The aforementioned studies of the murine allantois were carried out during only a short period (24 hours), and early markers of hematopoietic cells were not examined. In light of recent experiments suggesting that hematopoietic cells emerge from the placenta several days later(Alvarez-Silva et al., 2003; Gekas et al., 2005; Ottersbach and Dzierzak,2005), we undertook a series of experiments to examine the hematopoietic potential of the allantois and the chorion prior to their fusion and, more importantly, prior to the vascular link-up between the umbilical,yolk sac and cardiovascular systems in the conceptus. First, we followed the expression of Runx1 in both the intact conceptus and in explant cultures. Runx1 is a transcription factor required for hematopoietic stem cell formation, and is also an early marker for sites of hematopoietic cell emergence in the embryo (Cai et al.,2000; Ciau-Uitz et al.,2000; Kalev-Zhylinska et al.,2002; Lacaud et al.,2002; North et al.,2002; North et al.,1999; Okuda et al.,1996; Wang et al.,1996). Runx1 expression has been documented in the placenta (Ottersbach and Dzierzak,2005), at the site of chorio-allantoic fusion(North et al., 1999) and in the chorion prior to fusion (Lacaud et al., 2002), but has not been reported in the pre-fusion allantois. Second, we cultured allantoises and chorions on OP9 stromal cells in the presence of hematopoietic cytokines, or as explants on plastic followed by methycellulose colony forming assays, to determine their hematopoietic potential.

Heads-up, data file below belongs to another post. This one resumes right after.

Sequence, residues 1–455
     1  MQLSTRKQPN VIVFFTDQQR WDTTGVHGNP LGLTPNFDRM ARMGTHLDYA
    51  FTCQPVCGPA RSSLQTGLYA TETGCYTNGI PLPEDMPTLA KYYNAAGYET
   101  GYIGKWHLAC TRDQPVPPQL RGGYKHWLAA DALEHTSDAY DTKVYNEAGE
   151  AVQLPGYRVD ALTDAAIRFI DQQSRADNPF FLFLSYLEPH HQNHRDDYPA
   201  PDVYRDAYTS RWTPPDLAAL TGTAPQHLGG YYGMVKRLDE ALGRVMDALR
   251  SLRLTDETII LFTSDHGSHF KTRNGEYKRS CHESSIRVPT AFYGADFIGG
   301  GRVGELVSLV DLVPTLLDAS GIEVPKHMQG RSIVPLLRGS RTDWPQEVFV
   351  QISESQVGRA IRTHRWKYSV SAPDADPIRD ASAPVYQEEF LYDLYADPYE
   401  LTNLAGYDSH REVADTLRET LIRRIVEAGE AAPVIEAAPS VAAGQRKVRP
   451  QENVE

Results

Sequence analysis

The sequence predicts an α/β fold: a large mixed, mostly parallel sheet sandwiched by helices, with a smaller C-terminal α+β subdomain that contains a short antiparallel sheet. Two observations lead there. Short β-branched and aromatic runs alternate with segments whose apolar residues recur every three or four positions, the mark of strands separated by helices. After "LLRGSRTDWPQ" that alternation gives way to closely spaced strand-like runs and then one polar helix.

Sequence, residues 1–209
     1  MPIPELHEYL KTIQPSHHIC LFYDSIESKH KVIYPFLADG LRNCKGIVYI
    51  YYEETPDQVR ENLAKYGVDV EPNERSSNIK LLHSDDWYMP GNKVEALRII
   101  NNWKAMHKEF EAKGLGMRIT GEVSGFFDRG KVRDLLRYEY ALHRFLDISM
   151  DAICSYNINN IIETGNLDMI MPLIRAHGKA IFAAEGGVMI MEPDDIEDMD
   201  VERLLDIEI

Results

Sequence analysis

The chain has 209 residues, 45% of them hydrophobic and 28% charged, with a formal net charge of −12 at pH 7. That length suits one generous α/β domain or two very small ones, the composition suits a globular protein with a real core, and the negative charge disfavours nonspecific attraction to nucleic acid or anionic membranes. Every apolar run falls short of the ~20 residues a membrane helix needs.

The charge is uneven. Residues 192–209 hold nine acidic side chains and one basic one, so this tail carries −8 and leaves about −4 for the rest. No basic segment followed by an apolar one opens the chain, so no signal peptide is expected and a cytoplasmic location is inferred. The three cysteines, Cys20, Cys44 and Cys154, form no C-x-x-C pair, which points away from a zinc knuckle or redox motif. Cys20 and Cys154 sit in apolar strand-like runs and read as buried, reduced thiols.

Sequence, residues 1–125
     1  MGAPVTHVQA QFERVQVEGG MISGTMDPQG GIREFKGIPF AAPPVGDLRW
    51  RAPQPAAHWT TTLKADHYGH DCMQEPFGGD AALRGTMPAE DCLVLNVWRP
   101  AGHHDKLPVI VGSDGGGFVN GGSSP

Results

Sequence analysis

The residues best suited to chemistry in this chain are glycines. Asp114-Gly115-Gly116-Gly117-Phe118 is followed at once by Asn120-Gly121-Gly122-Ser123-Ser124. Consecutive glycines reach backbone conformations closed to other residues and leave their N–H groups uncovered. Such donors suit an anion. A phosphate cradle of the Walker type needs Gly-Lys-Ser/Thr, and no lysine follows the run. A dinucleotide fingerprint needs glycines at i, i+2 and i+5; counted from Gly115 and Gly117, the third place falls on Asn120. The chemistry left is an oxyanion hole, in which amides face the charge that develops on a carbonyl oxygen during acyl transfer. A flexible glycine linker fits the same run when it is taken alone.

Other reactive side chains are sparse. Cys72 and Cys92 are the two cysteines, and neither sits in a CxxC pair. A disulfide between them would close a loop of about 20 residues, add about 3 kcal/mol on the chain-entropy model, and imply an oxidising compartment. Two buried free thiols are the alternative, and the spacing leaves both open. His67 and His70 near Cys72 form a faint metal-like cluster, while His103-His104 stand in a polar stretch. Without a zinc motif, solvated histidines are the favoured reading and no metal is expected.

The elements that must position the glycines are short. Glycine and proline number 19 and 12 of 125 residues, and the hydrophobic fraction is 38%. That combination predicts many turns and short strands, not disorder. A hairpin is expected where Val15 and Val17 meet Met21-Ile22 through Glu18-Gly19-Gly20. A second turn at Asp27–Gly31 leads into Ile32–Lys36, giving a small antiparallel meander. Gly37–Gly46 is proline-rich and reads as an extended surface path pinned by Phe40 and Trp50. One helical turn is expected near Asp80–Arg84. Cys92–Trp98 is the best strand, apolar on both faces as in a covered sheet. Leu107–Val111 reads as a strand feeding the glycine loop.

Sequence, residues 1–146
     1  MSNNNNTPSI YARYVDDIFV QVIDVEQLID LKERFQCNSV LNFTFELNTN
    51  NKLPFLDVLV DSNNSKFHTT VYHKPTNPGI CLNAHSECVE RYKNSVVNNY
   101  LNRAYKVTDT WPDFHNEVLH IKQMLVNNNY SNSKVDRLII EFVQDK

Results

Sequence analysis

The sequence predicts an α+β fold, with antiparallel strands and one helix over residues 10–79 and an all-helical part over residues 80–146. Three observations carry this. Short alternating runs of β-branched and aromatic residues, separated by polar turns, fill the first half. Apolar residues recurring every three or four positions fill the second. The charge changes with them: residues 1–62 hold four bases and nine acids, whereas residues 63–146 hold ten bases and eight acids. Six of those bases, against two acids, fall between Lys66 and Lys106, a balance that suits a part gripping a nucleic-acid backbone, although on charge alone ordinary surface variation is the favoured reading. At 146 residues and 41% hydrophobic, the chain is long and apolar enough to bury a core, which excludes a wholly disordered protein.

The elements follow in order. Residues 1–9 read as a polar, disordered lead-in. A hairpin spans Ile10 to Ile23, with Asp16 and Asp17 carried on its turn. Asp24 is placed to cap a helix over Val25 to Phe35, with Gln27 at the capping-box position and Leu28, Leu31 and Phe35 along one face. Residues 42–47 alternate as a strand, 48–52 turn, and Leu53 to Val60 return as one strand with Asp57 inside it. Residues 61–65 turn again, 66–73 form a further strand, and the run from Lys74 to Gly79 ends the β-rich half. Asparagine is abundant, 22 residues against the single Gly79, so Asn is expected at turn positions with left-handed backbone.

Here we show that both the allantois and chorion, having been isolated from early headfold-stage conceptuses before establishment of the circulation,express Runx1 and exhibit hematopoietic potential following explant culture. Furthermore, we show that this hematopoietic potential is not dependent on chorio-allantoic fusion, indicating that it is an intrinsic property of both tissues.
MATERIALS AND METHODS
All mice were maintained in light-reversed conditions (lights off:12:00/lights on: 0:00). Runx1-deficient explants were generated by mating Runx1rd/+ females(Wang et al., 1996) with Runx1lz/+ males (North et al., 1999) (formal designations of the Runx1rd and Runx1lz alleles are Runx1tm1Spe and Runx1tm2Spe,respectively). For marking experiments, B6.Cg-Tg(ACTB-Bgeo/GFP)21Lbe/J(Jackson Laboratory, Bar Harbor, ME), Tg(Ly6a/GFP)(Ottersbach and Dzierzak,2005), or Runx1lz/+ male mice were bred to female C57BL/6J, C57BL/6J × 129S1/SVImJ F1, or B6CBAF1/J mice (Jackson Laboratory). We identified female mice in estrus, mated them 5 minutes before the beginning of the dark cycle and then examined them 4 hours later for the presence of a vaginal plug. Dissections, staging and morphological scoring were performed as previously described(Downs, 2006; Downs and Davies, 1993; Downs and Harmann, 1997; Downs et al., 2004). All mouse procedures were approved by our Institutions' Animal Care and Use Committees.